Taylor was especially busy in 1940, with three films in production. He also starred in MGM's Escape and Waterloo Bridge . [7] [N 1]

Reception

Flight Command was received as a mild attempt to bolster patriotic spirits, but as Bosley Crowther of The New York Times observed, the film had some obvious strengths as well as annoying encumbrances."... as usual in these big flying pictures, the actual air shots are beautiful— the scenes of planes flying in tight formations above the majestic clouds, dropping away in screaming power dives, taking off and landing on a carrier's deck. Then you feel it really has wings. Otherwise, 'Flight Command' is just a routine adventure film— exciting for the youngsters, no doubt, but rather pulpy for a grown-up's taste." [8]

According to MGM records, the film earned $1,445,000 in the US and Canada and $847,000 elsewhere resulting in a profit of $707,000. [1]

Nominations

A. Arnold Gillespie and Douglas Shearer were nominated for the Oscar for Best Special Effects. [9]

Related Research Articles

Blue Angels United States Navys flight demonstration squadron

The Blue Angels flight demonstration squadron was formed in 1946 by the United States Navy. The unit is the second oldest formal aerobatic team in the world, after the French Patrouille de France formed in 1931. The Blue Angels' Boeing F/A-18 Super Hornets are currently flown by five Navy demonstration pilots and one Marine Corps demonstration pilot.

<i>Twelve OClock High</i> 1949 film by Henry King

Twelve O'Clock High is a 1949 American war film about aircrews in the United States Army's Eighth Air Force, who flew daylight bombing missions against Nazi Germany and occupied France during the early days of American involvement in World War II, including a thinly disguised version of the Black Thursday strike against Schweinfurt. The film was adapted by Sy Bartlett, Henry King (uncredited) and Beirne Lay Jr. from the 1948 novel 12 O'Clock High, also by Bartlett and Lay. It was directed by King and stars Gregory Peck, Hugh Marlowe, Gary Merrill, Millard Mitchell and Dean Jagger.

<i>The Dam Busters</i> (film) 1955 film directed by Michael Anderson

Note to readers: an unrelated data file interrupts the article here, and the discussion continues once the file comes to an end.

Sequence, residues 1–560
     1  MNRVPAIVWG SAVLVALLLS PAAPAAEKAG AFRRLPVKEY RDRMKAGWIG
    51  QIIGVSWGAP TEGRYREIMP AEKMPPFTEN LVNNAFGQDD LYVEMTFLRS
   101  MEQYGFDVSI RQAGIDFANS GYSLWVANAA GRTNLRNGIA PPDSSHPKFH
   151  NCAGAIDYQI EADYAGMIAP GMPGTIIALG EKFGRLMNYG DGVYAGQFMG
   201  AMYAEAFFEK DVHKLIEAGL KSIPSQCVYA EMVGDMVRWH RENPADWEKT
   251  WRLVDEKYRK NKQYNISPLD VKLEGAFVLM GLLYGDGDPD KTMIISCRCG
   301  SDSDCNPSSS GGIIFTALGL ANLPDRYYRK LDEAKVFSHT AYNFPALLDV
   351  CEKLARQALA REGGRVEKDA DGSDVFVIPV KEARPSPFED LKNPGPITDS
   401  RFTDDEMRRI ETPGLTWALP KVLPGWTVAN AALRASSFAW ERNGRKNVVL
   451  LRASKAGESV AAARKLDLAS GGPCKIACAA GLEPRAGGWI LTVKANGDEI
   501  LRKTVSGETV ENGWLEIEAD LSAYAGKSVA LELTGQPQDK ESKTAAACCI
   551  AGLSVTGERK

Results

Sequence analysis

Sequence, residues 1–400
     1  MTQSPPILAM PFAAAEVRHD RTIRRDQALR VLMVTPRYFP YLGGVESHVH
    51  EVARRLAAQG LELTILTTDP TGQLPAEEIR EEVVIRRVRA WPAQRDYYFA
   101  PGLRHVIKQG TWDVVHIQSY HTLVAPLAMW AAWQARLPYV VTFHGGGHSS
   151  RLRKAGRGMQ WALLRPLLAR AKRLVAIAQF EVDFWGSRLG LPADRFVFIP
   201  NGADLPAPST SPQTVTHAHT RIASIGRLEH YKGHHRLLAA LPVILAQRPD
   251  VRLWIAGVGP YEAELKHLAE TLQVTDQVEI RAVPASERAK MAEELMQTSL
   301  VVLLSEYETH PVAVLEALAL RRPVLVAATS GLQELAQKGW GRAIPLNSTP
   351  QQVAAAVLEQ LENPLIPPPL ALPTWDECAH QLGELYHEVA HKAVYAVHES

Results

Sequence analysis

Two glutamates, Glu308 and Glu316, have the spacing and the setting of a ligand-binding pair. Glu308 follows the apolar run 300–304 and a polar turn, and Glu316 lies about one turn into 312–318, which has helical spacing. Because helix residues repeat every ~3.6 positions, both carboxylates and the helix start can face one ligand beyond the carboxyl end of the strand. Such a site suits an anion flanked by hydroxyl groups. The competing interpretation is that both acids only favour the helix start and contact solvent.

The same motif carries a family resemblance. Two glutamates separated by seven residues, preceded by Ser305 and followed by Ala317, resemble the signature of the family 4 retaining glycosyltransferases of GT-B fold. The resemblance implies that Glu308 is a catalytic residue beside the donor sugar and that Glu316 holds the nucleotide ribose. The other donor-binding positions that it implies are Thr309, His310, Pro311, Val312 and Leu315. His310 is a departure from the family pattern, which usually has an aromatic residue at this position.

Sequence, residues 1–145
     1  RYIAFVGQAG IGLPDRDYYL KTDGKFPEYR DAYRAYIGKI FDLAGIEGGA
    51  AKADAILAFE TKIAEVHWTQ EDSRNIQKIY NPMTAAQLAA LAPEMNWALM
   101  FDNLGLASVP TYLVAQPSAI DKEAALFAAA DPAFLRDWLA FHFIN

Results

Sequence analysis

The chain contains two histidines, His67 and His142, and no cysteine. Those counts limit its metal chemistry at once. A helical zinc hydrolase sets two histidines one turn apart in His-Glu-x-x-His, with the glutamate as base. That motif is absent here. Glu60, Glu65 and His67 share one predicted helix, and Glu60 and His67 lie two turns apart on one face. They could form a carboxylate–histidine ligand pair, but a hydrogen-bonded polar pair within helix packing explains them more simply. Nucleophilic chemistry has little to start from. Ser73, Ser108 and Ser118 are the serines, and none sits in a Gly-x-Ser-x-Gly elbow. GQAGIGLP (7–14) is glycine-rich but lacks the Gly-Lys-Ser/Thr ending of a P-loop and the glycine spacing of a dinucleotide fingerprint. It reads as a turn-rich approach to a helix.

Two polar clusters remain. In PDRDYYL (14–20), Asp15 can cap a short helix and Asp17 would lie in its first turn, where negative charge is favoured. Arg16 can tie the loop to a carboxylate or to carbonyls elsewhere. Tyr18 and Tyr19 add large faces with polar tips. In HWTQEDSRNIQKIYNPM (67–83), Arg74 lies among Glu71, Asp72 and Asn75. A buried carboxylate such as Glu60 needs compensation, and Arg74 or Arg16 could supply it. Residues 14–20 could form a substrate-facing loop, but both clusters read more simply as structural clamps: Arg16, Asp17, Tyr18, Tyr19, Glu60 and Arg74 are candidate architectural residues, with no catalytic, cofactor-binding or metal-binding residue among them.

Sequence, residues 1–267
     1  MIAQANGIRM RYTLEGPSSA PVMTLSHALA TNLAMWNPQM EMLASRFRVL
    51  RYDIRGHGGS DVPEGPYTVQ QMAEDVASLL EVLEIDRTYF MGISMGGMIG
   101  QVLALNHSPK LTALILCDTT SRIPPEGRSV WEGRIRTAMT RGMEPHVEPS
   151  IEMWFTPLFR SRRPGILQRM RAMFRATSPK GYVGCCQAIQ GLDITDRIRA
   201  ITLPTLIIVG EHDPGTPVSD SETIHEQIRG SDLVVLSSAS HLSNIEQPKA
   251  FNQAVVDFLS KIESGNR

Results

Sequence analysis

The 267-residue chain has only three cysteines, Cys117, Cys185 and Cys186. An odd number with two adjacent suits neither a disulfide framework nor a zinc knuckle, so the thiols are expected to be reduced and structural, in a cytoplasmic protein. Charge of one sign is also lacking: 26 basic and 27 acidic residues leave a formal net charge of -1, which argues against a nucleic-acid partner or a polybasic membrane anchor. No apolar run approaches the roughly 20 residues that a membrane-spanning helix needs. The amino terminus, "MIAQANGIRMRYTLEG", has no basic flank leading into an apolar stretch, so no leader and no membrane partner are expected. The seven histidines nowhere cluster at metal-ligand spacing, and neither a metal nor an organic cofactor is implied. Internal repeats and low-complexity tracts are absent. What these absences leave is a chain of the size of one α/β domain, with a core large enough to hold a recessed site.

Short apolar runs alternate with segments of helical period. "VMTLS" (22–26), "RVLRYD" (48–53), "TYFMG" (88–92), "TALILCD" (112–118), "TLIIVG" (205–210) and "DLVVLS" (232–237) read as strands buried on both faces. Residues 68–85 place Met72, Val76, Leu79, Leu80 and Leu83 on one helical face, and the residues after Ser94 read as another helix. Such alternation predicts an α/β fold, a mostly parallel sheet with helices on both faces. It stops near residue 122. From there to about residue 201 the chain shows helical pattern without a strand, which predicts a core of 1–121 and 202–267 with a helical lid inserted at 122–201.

The Dam Busters is a 1955 British epic war film starring Richard Todd and Michael Redgrave. It was directed by Michael Anderson. The film recreates the true story of Operation Chastise when in 1943 the RAF's 617 Squadron attacked the Möhne, Eder, and Sorpe dams in Nazi Germany with Barnes Wallis's bouncing bomb.

<i>Hell Divers</i> 1932 film

Hell Divers is a 1932 American pre-Code black-and-white film from Metro-Goldwyn-Mayer starring Wallace Beery and Clark Gable as a pair of competing chief petty officers in early naval aviation. The film, made with the cooperation of the United States Navy, features considerable footage of flight operations aboard the Navy's second aircraft carrier, the USS Saratoga, including dramatic shots of takeoffs and landings filmed from the Curtiss F8C-4 Helldiver dive bombers after which the movie was named.

Daniel James Jr.

Daniel "Chappie" James Jr. was a fighter pilot in the United States Air Force who, in 1975, became the first African American to reach the rank of four-star general in the United States Armed Forces.

Godfrey Chevalier

Lieutenant Commander Godfrey de Courcelles Chevalier, USN was a pioneering naval aviator of the United States Navy of World War I and the early 1920s.

<i>A Yank in the R.A.F.</i> 1941 American black-and-white war film directed by Henry King

A Yank in the R.A.F. is a 1941 American black-and-white war film directed by Henry King and starring Tyrone Power and Betty Grable. It is considered a typical early-World War II production. Originally titled The Eagle Squadron, it is based on a story by "Melville Crossman", the pen name for 20th Century Fox studio chief Darryl F. Zanuck. It follows an American pilot who joins the Royal Air Force (RAF), during a period when the United States was still neutral.

USS <i>Massey</i>

USS Massey (DD-778), an Allen M. Sumner-class destroyer, was a United States Navy ship that served between 1944 and 1973.

<i>Task Force</i> (film) 1949 film by Delmer Daves

Task Force is a 1949 war film filmed in black-and-white with some Technicolor sequences about the development of U.S. aircraft carriers from USS Langley (CV-1) to USS Franklin (CV-13). Although Robert Montgomery was originally considered for the leading role, the film stars Gary Cooper, Jane Wyatt, Walter Brennan, Wayne Morris, Julie London and Jack Holt. Task Force was the only film Gary Cooper and Jane Wyatt made together, and was the last of the eight films Cooper and Walter Brennan made together. The U.S. Navy provided complete support in not only loaning naval vessels and facilities, but also allowed the use of archival footage of the development of naval air power.

<i>God Is My Co-Pilot</i> (film) 1945 film by Robert Florey

God is My Co-Pilot is a 1945 American black-and-white biographical war film from Warner Bros. Pictures, produced by Robert Buckner, directed by Robert Florey, that stars Dennis Morgan and co-stars Dane Clark and Raymond Massey. The screenplay by Abem Finkel and Peter Milne is based on the 1943 autobiography of the same name by Robert Lee Scott Jr.. It recounts Scott's service with the Flying Tigers and the United States Army Air Forces in China and Burma during World War II.

<i>Air Force</i> (film) 1943 film by Howard Hawks